During the 1340s the Fortress was taken by Moldavian prince Dragos, a vassal of the Kingdom of Hungary. After 1375 it was a part of the Principality of Moldavia. Under the rule of Stephen the Great of Moldavia the fortress was greatly expanded, new 5–6-meter (16–20 ft) wide and 40 meters (130 ft) high walls were built. He also added three towers and raised the courtyard by 10 meters (33 ft). This reconstruction brought the fortress to the structure it has today. During 14th-16th centuries the Fortress served as a residence to Moldavian Princes.


In September–October 1621, the Polish-Lithuanian Commonwealth army under command of hetman Jan Karol Chodkiewicz, Petro Sahaidachny and Yatsko Borodavka (about 50,000 troops) successfully held off the army of Turkish sultan, Osman II (estimated at 100,000), in the Battle of Khotyn. On October 8, 1621 the Khotyn Peace Treaty was signed, stopping the Ottoman advance into the Commonwealth and confirming the Commonwealth-Ottoman border on the Dniester river


In November 1673, the Khotyn Fortress was lost by the Turks and Jan Sobieski started to occupy Khotyn with a Polish-Cossack army. With the 1699 Karlowitz Peace Treaty, the fortress was transferred from the Polish-Lithuanian Commonwealth to Moldavia. In 1711, Khotyn was again taken over by the Turks. The Turks then fortified Khotyn following a six-year (1712–18) reconstruction and it became the foremost stronghold of the Ottoman defense in Eastern Europe. The Medieval Fortress has been surrounded by earth ramparts and outer wall.


Here you can see the outer wall and complicated ramparts seen from the medieval castle.


Here you can admire the outer 18th century wall and ...


... its only gate.


Fortunately today the fortress is used more as a tourist attraction than a place of war.


Inside the outer walls a modern tserkva was built.


In September 1991, during the celebration of 370 years since the Battle of Khotyn of 1621, a monument made in honor of Ukrainian Hetman, Petro Sahaidachnyi.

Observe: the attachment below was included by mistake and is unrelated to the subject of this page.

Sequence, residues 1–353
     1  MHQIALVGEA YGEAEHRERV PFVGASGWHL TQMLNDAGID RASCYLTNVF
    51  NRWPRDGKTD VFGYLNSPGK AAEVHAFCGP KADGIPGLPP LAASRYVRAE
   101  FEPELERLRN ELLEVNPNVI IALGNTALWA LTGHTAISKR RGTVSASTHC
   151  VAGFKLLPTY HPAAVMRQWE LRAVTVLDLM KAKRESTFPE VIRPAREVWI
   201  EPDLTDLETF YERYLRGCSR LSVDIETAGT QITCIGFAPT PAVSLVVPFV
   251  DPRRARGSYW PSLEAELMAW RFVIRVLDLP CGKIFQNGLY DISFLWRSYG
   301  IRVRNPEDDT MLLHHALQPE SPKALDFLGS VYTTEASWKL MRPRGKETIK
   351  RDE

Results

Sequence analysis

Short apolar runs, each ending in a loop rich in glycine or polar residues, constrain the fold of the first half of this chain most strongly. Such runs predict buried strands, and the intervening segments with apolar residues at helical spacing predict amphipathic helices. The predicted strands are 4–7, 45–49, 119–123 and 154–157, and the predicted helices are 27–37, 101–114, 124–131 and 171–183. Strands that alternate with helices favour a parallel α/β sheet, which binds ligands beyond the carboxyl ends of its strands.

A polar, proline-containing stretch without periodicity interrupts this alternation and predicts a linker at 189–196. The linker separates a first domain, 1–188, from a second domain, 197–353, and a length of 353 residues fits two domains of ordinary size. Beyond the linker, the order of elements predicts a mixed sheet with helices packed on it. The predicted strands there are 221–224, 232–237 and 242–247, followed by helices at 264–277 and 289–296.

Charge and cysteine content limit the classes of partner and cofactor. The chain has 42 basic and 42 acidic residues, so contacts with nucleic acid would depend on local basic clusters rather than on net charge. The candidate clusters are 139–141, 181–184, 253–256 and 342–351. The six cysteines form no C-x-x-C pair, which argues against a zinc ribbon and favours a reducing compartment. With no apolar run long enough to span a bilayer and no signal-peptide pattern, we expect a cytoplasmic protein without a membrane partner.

Let's go now deeper into Bukovina and visit its most precious heritage.

Saturday, 24 March 2018

Kamianets-Podilskyi

Since the Middle Ages, the Dniepr river was the border between Moldova (south of the river) and very fertile lands called Podolia, located north of the river and inhabited by Ruthenians. Just a few kilometers north from the border, on the banks of Smotrych River, lies the capital, main fortress and gate to Podolia and the entire Polish Lithuanian Commonwealth. Ladies and gentlemen - welcome to Kamianets-Podilskyi.



Podolia is a mountainous region with canyon-like fluvial valleys, difficult to pass and quite easy to defend.


Just compare the view and safety of the defenders ...


with the effort of the besiegers.


Smotrych river not only created the canyon, but it has curved almost a full circle around the rock on which the castle was built, being the natural moat to strengthen its defence. From the 15th through 17th centuries, the castle was attacked by Tatar hordes a total of 51 times and was never taken by force.


Let's visit the castle, built from 14th till 18th century.


Here we are on the main coutryard. From the left: Tenchynska, White & Daily Towers.



Turning right we can admire Rozanka Tower.


Here is the view on the Turkish Bridge over Smotrych from the Lanckoronska Tower.


The corridor allowed safe passage between the towers.


View on the modern Kamianets and St. Gregory orthodox church.


View on Pope's (further) and Kovpak's (closer) towers.


View on Lanckoronska (on the left), Commandant's (the small) and Rozanka Towers.


View on the inner courtyard, White & Tenchynska Towers.


View from Rozanka Tower on Commandant's and Lanckoronska Towers.


and on the Rozanka Tower from the White Tower.


Thanks to the twelve towers the castle was never taken. But in the beginning of August 1672, a 300,000 Ottoman force led by Sultan Mehmed IV and a 40,000 combined force of Tatars and Cossacks led by Hetman Petro Doroshenko laid siege to the castle. After conducting negotiations with their attackers, the city's leaders surrendered control of the fortress to the Ottomans on August 18. In a sign of protest, the fortress's Commandant Michał Wołodyjowski and Major Hejking blew up the castle's remaining gunpowder, killing themselves along with 800 defenders. The events of the 1672 Ottoman siege were depicted in the 1888 historical novel Fire in the Steppe, written by Polish Nobel Prize laureate Henryk Sienkiewicz.

But Kamianets is not only the castle. Let's pass the bridge and visit the city centre.



Ataman Khmelnytsky welcomes you.


In the times of Polish-Lithuanian Commonwealth there were three magistrate buildings in Kamianets: Armenian, Ruthenian and Polish. The last one you can still admire, this is the tall building in the back. On the top you can see the Sun - the coat of arms of Podolia.


From the main secular building let's move to the main religious building, at least for the catholics. The yellow building below is the St. Peter & Paul Cathedral, built in 16th century. In Soviet times it was changed in the museum of atheism.


I hope that you have enjoyed our trip to the main fortress on the Ruthenian banks of Dniepr. Next week we will pass the river and see the other side.